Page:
2018-04-05 Greig Aitken – BankTrack
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This extract from the newly published ‘Banking on Climate Change: Fossil Fuel Finance Report Card 2018‘ describes how 36 of the world’s top commercial banks have been found wanting again when it comes to their financing of coal power globally – and 2018 has to be the moment when we see profound, concerted action taken by these banks to curb their support for this climate-busting, health-destroying sector.
2017 saw disappointingly few signs of major international commercial banks aligning their coal power financing with the Paris Agreement. Nevertheless by year end, various developments brought a tangible change in the global coal power conversation – a change that many banks are going to have to respond to decisively in 2018.
One year after the Paris Agreement entered into force, the United Nations Environment Program unequivocally called for an end to the construction of new coal power plants and an accelerated phase-out of existing plants as key steps towards achieving the Paris goals. Also, the Powering Past Coal Alliance emerged, a U.K.- and Canada-led initiative that already comprises more than 50 countries, regions and businesses, and whose declaration explicitly calls for restrictions on financing for coal power.
At the One Planet Summit in December 2017, former U.S. Secretary of State John Kerry was even more explicit in insisting that “We have to say no coal investment, period.” Moreover, 16 European insurers have recently stepped up to the Paris challenge by pulling $22 billion in investments out of coal companies and/or committing to stop insuring new projects, with the Italian company Generali becoming the latest to divest from coal in late February 2018.
In stark contrast, a recent analysis revealed that the world’s top commercial banks – many of them Paris Agreement enthusiasts – doled out $275 billion in lending and underwriting services to the top 120 companies intent on developing new coal plants, primarily in developing countries. And the findings of this report card show that financing to the power companies with the most coal generation capacity has stagnated over the last few years, when it needs to be dropping drastically.
Consistent with their scant – or non-existent – coal power policy coverage, the seven Chinese and Japanese banks covered in this report provided over half of the financing for coal power over the last three years. At the same time, however, 18 western banks increased their financing for coal power in 2017, including Barclays, Citi, JPMorgan Chase, Société Générale and Standard Chartered.
As coal plant closures continue in the United States and reach a tipping point in Europe, on top of stunning regulatory and renewables advances in China and India, the imminent threat of billions of dollars of ‘stranded assets’ is materialising quickly. As a result, increasingly concerned investors and regulators are upping the pressure.
This leaves Japan (see the report card case study on Japanese conglomerate Marubeni), a handful of states (Poland, Turkey, the Balkan states, Egypt, and South Africa) and Southeast Asia as the principal sites of concerted planning for new coal plants. And with many coal power policies leaving loopholes for financing coal in developing countries, there remains substantial risk that banks continue to sacrifice local community health and the global climate by backing new coal plants.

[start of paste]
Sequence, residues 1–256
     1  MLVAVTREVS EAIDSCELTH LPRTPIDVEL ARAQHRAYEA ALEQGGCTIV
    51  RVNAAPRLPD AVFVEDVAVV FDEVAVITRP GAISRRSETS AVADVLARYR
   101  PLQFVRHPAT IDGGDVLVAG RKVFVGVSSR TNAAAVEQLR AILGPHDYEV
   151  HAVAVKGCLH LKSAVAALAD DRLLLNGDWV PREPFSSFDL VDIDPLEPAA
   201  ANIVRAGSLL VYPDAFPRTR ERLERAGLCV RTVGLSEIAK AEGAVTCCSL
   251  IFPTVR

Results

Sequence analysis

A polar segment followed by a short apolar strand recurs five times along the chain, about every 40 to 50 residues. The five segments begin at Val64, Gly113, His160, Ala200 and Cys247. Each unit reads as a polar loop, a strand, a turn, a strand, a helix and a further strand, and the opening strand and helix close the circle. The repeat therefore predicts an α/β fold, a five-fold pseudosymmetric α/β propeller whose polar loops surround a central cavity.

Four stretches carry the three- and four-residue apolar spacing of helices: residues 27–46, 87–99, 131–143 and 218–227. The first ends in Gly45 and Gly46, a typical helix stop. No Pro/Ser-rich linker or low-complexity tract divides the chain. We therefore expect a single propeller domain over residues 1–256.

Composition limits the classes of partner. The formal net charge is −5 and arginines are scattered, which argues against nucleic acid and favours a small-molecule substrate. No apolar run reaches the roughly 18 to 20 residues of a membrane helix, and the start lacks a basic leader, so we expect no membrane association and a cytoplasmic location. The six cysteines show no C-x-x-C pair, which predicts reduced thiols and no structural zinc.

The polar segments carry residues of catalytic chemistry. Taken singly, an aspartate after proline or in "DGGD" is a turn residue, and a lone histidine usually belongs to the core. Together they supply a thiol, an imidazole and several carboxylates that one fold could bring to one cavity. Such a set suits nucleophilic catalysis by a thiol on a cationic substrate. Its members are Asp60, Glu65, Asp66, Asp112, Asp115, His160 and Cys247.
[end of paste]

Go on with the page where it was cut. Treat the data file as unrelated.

However, with the identities of the companies planning new coal power in the developing world now out in the open via resources such as the Global Coal Exit List, and the Paris Agreement ‘stocktake’ process due to start at the next U.N. climate talks, there is a major opportunity for a sea change in the banking sector’s policy approach to coal power.
ING set the bar with its December 2017 announcement that its goal is to have “close to zero” exposure to utility clients involved in coal power generation by 2025. This welcome move, which merits a 'B' ranking for coal power in this year's report card, leapfrogs the Dutch bank beyond almost all of its European peers, most of which have thus far only ended project finance for coal plants worldwide. Also notching up a 'B' ranking for its coal power policy is ABN Amro, the only bank so far to have excluded coal plant developer utilities from financing.
Coal’s final frontier in Southeast Asia will be the acid test for banks, as the International Energy Agency (IEA) highlights the growing “attractiveness of project finance” from foreign banks as a means to build new coal power in the region. How much will banks buy into, hide behind and actually facilitate the dangerous myth peddled by industry that coal power is the answer to global energy poverty?
HSBC has again nailed its colours to the coal industry’s mast, passing up the opportunity to use policy revisions to withdraw from developing world coal plant financing. Communities in Vietnam, where HSBC is currently advising and coordinating the financing of two new coal plant projects – Long Phu I and Vinh Tan 3 – disagree with the bank’s approach. A recent report by the IEA shows that the path to 100 percent global energy access by 2030 will require mostly investments in off-grid solar and small hydro.
At the local level, coal power is killing people as a result of air pollution. At the global level, coal is killing people by exacerbating climate change. Add on the looming risk of stranded assets, and much deeper restrictions to coal power financing should now be the obvious choice for banks.